Family members of a Seattle man who died in an officer-involved shooting in San Francisco police want to find out what really happened in the deadly incident, an attorney said today.
Adante Pointer, an associate of Oakland civil rights attorney John Burris, said he has not yet decided whether to file a lawsuit on behalf of the family of 19-year-old Kenneth Harding Jr. but at this point wants to “help them get the answers they deserve.”
Pointer alleged that San Francisco police have given out “conflicting” versions of what happened to Harding in a confrontation that began at about 4:45 p.m. on July 16, when police said he ran from officers who had attempted to detain him for fare evasion at a San Francisco Municipal Railway light-rail stop at Third Street and Palou Avenue.
Police initially said officers fatally shot Harding after he fired at them but they later said they believe he killed himself with his own gun. They said they do not know if it was an accident or Harding shot himself on purpose.
San Francisco chief medical examiner Dr. Amy Hart said that the bullet believed to have killed Harding that was removed from his head was a .380-caliber bullet, which is inconsistent with the service ammunition used by San Francisco police.
Police said last week that they also found an unused .380-caliber bullet in Harding’s right jacket pocket.
Pointer said, “The truth seems to be far at hand” and he wants San Francisco police to release records, witness statements and other documents so that Harding’s family “can have the closure they deserve.”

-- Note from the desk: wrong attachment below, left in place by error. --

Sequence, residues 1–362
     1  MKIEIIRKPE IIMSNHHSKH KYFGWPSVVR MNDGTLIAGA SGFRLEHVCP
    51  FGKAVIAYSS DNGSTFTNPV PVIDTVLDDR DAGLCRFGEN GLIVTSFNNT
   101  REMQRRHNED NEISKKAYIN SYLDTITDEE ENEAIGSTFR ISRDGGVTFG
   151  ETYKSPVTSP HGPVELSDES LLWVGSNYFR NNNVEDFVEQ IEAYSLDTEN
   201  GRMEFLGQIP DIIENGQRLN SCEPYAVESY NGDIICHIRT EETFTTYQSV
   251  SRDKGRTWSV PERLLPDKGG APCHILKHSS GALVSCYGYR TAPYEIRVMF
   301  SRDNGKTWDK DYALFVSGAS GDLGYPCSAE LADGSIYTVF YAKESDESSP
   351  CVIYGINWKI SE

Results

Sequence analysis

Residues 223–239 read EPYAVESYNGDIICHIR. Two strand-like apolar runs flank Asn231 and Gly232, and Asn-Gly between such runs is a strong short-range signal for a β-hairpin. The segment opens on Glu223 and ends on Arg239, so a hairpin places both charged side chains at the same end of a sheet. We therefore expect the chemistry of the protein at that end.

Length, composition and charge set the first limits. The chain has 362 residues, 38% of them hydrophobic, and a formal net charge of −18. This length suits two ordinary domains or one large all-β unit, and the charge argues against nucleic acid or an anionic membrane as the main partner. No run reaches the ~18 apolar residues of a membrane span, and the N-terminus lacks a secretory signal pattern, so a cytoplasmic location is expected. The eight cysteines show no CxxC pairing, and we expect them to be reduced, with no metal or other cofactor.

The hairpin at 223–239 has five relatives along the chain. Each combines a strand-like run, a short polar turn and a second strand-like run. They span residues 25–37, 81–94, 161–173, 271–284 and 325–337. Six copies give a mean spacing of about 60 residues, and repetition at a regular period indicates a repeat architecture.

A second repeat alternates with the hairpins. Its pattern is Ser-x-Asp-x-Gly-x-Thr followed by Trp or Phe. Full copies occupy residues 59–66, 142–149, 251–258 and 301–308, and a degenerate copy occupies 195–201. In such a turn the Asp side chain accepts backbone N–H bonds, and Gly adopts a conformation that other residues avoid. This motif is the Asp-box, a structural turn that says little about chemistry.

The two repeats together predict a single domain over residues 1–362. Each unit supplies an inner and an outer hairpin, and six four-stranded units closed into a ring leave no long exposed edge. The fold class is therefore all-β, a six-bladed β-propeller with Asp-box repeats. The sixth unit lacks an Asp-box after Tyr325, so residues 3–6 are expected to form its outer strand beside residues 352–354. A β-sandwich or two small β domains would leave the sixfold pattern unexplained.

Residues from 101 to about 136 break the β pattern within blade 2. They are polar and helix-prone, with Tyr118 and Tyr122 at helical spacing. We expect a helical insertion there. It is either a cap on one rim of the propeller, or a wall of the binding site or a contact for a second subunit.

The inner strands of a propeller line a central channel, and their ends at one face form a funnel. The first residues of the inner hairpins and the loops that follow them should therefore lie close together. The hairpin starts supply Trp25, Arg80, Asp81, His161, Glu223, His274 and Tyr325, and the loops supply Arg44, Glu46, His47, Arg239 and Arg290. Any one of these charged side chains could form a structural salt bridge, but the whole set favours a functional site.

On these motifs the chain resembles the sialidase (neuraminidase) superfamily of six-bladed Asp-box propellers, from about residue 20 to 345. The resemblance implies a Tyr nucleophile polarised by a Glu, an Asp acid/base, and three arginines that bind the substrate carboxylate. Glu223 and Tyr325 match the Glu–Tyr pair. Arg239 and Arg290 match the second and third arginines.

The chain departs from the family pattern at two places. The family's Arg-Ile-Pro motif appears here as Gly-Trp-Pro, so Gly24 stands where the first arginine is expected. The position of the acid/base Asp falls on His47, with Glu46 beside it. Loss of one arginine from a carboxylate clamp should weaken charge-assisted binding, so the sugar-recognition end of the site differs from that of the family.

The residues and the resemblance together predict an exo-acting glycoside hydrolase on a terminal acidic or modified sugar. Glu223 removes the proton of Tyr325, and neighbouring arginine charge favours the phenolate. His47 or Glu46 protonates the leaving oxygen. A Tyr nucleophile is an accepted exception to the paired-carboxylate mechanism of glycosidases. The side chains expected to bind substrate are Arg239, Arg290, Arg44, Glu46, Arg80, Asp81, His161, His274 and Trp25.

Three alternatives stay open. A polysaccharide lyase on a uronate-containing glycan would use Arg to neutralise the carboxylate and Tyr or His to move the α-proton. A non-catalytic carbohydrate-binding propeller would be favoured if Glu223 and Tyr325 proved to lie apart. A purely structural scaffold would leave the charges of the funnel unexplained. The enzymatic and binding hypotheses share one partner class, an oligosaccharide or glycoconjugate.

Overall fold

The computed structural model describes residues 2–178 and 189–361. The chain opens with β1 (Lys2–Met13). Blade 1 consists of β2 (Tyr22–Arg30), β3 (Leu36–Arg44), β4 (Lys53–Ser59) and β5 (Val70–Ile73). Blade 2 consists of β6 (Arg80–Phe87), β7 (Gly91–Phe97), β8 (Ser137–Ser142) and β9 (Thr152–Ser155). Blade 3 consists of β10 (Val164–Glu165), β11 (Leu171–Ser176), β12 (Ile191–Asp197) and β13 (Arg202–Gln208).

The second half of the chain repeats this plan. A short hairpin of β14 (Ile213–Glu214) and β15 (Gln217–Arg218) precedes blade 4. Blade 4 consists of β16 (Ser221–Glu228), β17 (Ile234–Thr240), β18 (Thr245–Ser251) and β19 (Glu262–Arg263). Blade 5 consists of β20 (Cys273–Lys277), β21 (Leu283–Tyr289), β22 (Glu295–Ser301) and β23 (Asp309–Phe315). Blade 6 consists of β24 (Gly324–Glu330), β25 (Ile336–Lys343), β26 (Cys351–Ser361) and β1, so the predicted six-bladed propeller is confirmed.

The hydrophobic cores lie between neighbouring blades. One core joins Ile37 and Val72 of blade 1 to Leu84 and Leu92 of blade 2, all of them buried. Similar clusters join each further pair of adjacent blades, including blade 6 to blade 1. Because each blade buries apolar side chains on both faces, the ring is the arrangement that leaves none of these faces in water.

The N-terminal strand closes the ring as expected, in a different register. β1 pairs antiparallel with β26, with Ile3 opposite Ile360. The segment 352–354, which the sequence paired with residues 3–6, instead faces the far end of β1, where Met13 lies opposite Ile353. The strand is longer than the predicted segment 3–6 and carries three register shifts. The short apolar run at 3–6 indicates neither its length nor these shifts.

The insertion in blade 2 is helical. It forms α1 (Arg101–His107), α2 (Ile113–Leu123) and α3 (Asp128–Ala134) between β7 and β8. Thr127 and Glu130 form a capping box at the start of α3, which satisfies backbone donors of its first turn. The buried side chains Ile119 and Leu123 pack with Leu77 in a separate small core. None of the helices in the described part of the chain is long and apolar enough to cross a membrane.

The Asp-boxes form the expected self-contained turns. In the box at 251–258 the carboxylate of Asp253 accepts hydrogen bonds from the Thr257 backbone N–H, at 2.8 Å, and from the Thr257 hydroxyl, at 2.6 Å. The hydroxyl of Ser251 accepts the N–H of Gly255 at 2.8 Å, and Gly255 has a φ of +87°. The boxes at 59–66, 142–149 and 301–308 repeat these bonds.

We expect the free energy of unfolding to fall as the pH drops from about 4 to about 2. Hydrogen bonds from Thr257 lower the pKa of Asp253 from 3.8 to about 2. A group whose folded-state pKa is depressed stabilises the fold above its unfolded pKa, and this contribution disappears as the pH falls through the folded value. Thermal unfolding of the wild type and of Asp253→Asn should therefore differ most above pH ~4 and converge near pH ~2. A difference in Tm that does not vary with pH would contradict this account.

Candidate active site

Pointer said witnesses he has interviewed claim that Harding “never fired a shot” at police and “was in full sprint” away from police when he was shot and killed.
No weapon was found by police at the scene, but amateur video footage captured in the shooting’s aftermath showed a passerby picking up what police investigators believe was Harding’s gun and taking it from the area before police could establish the crime scene.
A cellphone and several bullet casings were also apparently taken from the scene, police said.
Pointer also alleged that San Francisco police have engaged in “a concerted attack on the character and reputation” of Harding, who allegedly had a criminal record as a juvenile in Seattle and was considered a person of interest in a recent homicide in that city.
Harding’s mother, Denika Chatman of Seattle, said, “I’m angry and hurt and I want justice done.”
Chatman said she does not know what happened when her son was killed.
She said he came to San Francisco recently because “he was going to meet his manager and get his career started” as a rap singer.
Chatman said Harding’s older brother has had a recording contract with a label in San Francisco for 10 years and wanted to help Harding get his career going.
Chatman said Harding planned to return to Seattle in the fall to attend a community college there.
She described her son as “a God-fearing person who loved the Lord” and attended a private Christian school.
“He was a very loving, caring and giving person and he loved his mother,” Chatman said.
Harding’s sister and several of his aunts and uncles joined Chatman at the news conference at the office that Pointe shares with Burris, who is out of town.
Several religious and community leaders from San Francisco and Oakland also participated, as did Cephus Johnson, the uncle of Oscar Grant III, the Hayward man who was fatally shot by a BART police officer at the Fruitvale station in Oakland on Jan. 1, 2009.
Jeff Shuttleworth, Bay City News
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